Select Committee on Education and Skills Minutes of Evidence

Supplementary memorandum from Dr Iain Crawford (SS 10)


  1.  It is unanimously agreed that the current student support package is too small and needs to be enlarged. In addition, policy should address two factors—one real and one perceived—that additionally and unnecessarily exacerbate student poverty, and create misinformation.

    —  Student inexperience in financial management. The lack of experience, knowledge and self discipline, in handling personal finance of a significant number of new undergraduates is a contributory factor to student poverty. While accepting that the state student support package is inadequate, the lack of ability to manage personal finance makes the problem worse for a large proportion of students.

    —  Inadequate information. Lack of authoritative information on available state and commercial financial support mechanisms means that ignorance and scaremongering are real deterrents to access and create an unjustified sense of discontent amongst participants.


  2.  State Student Loans should be paid monthly rather than three times per year. Students would give their bank account details when applying for their loan; loans would be paid by electronic transfer. It is unreasonable to expect students, many of whom are without experience of the world beyond school, to manage their money in the way that it is paid to them at present, when most adults rely on regular monthly or even weekly payments.

  3.  It should be administratively possible to move to such a system. In the new Hungarian system, loans are paid in monthly instalments, with a double-payment in the first month to cover such things as rent deposits, new textbooks etc.

  4.  Such a change would help to remove some of the "end of term" student poverty. It would also marginally improve the Student Loans Company's cash flow.


  5.  It is clear, from research by commercial banks and others, that there is a lack of knowledge and understanding of Student Loans Company (SLC) loans among prospective students. This is partly because of changes since the system was introduced, partly because of disinformation promoted by opponents of the system, and partly because of a general paucity of personal finance knowledge amongst secondary school and sixth form students.

  6.  There is an urgent need for a campaign to educate prospective students, their parents and advisors about all aspects of student financial support, as well as advice on budgeting and personal finance management. As discussed in paragraphs 75-79 of Nicholas Barr's submission, there are two impediments to exclusion—shortage of money and shortage of information. That evidence (paragraph 79) stresses the importance of making sure that prospective students are well-informed about the educational side of universities; a co-equal element is to make sure that they are well-informed about the financial side. The activities outlined below are therefore not a minor PR element, but a fundamental part of any well-conceived strategy to promote access.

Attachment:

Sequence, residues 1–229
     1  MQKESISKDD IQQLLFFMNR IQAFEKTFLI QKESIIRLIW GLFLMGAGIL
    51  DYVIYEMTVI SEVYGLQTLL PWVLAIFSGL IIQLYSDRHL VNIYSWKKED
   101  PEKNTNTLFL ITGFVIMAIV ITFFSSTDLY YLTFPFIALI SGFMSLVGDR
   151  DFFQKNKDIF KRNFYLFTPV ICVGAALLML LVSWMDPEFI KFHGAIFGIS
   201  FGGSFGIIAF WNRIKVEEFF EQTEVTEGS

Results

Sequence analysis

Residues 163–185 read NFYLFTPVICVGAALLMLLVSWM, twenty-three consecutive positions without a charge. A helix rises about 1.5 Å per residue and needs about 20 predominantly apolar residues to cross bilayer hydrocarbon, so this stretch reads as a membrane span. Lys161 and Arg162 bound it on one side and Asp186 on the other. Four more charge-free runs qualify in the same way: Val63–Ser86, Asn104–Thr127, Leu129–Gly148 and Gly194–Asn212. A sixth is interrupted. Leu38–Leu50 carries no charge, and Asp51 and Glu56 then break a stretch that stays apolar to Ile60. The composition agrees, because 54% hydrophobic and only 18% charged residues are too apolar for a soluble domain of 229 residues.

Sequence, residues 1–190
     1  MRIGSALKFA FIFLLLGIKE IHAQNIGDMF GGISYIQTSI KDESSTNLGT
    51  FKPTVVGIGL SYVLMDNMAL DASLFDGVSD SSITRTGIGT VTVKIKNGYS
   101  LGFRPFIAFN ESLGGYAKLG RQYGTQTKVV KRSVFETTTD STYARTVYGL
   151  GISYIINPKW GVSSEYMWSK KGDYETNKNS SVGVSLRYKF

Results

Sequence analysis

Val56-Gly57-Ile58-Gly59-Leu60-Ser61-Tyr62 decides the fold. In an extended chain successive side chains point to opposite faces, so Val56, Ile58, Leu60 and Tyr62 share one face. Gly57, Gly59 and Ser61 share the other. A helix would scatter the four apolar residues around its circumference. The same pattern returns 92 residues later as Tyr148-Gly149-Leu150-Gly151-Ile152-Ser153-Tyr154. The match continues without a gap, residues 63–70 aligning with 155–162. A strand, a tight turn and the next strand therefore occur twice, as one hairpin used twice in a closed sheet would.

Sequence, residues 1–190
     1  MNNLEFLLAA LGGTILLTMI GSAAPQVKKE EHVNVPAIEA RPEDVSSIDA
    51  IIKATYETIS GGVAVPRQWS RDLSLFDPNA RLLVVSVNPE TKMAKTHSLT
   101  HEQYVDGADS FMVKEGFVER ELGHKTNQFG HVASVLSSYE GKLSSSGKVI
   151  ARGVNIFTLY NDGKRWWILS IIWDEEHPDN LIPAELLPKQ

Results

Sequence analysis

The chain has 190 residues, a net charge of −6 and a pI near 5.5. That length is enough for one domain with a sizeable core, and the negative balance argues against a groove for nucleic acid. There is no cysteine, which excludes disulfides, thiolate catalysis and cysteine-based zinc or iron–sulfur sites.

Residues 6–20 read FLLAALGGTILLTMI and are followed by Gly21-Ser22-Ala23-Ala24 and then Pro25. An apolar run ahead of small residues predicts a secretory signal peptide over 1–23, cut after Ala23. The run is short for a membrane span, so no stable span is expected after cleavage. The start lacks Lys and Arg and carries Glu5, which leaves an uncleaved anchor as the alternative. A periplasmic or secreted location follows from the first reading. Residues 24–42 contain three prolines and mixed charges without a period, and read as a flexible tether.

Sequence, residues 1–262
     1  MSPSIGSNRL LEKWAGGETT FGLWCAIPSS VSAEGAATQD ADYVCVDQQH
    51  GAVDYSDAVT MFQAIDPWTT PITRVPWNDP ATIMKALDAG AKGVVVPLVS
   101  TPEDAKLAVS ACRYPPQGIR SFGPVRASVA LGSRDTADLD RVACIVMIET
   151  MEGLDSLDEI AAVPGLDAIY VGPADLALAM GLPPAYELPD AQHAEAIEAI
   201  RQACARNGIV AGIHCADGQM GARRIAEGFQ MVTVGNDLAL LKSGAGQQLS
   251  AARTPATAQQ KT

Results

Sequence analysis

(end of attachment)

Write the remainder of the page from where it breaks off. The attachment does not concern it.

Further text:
7.  Commercial banks spend a great deal of time and resources trying to address the information gap with their student customers. The retail banks' motivation is entirely commercial: they regard the student market as very important, and spend hundreds of pounds per account on marketing, free overdrafts and other inducements.

  8.  It is not in the commercial interest of banks for students to keep getting into budgeting problems. It adds to banks' administrative costs and, if they get too strict, risks losing customers who in the long run would be very profitable.

  9.  There is, therefore, scope for such a campaign to be sponsored jointly by the Government/SLC and the retail banks. Since banks are prepared to expend substantial resources on the student market, it is likely that they would be prepared to co-operate with Government in a campaign to educate secondary school students about state support and personal banking. Indeed which retail bank could afford to be seen not participating in such an exercise? In a joint campaign, the Government and the banks could mutually reinforce their messages.

  10.  Some commercial banks are already working on projects in schools. They all have a lot of information on student spending and borrowing patterns. Through their campus branches and specialist student centres they talk to thousands of students and they spend a lot of money finding out what students want and need.

  11.  While it should be assumed that banks will behave in their own commercial self-interest, it should be recognised that their interests can coincide with those of students and government, in that they can promote access by explaining that finance should not be a worry.

  12.  Substantial financial resources and research data are available for such a joint information campaign. This would enable government to bury the disinformation and to promote the reality of the loan scheme—in particular the low interest rate and the income-contingent repayment system which removes all the normal risks attached to commercial debt. It would enable the banks to educate their prospective customers to their mutual benefit. Both banks and government could explain the difference between commercial rates and the government rate of borrowing!

Dr Iain Crawford

May 2002

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